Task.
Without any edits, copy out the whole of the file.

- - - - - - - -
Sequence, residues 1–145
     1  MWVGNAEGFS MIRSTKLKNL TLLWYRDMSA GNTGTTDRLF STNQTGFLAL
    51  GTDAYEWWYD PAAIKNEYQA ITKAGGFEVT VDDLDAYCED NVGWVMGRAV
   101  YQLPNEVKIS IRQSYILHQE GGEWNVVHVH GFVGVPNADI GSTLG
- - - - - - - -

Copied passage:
Sequence, residues 1–145
     1  MWVGNAEGFS MIRSTKLKNL TLLWYRDMSA GNTGTTDRLF STNQTGFLAL
    51  GTDAYEWWYD PAAIKNEYQA ITKAGGFEVT VDDLDAYCED NVGWVMGRAV
   101  YQLPNEVKIS IRQSYILHQE GGEWNVVHVH GFVGVPNADI GSTLG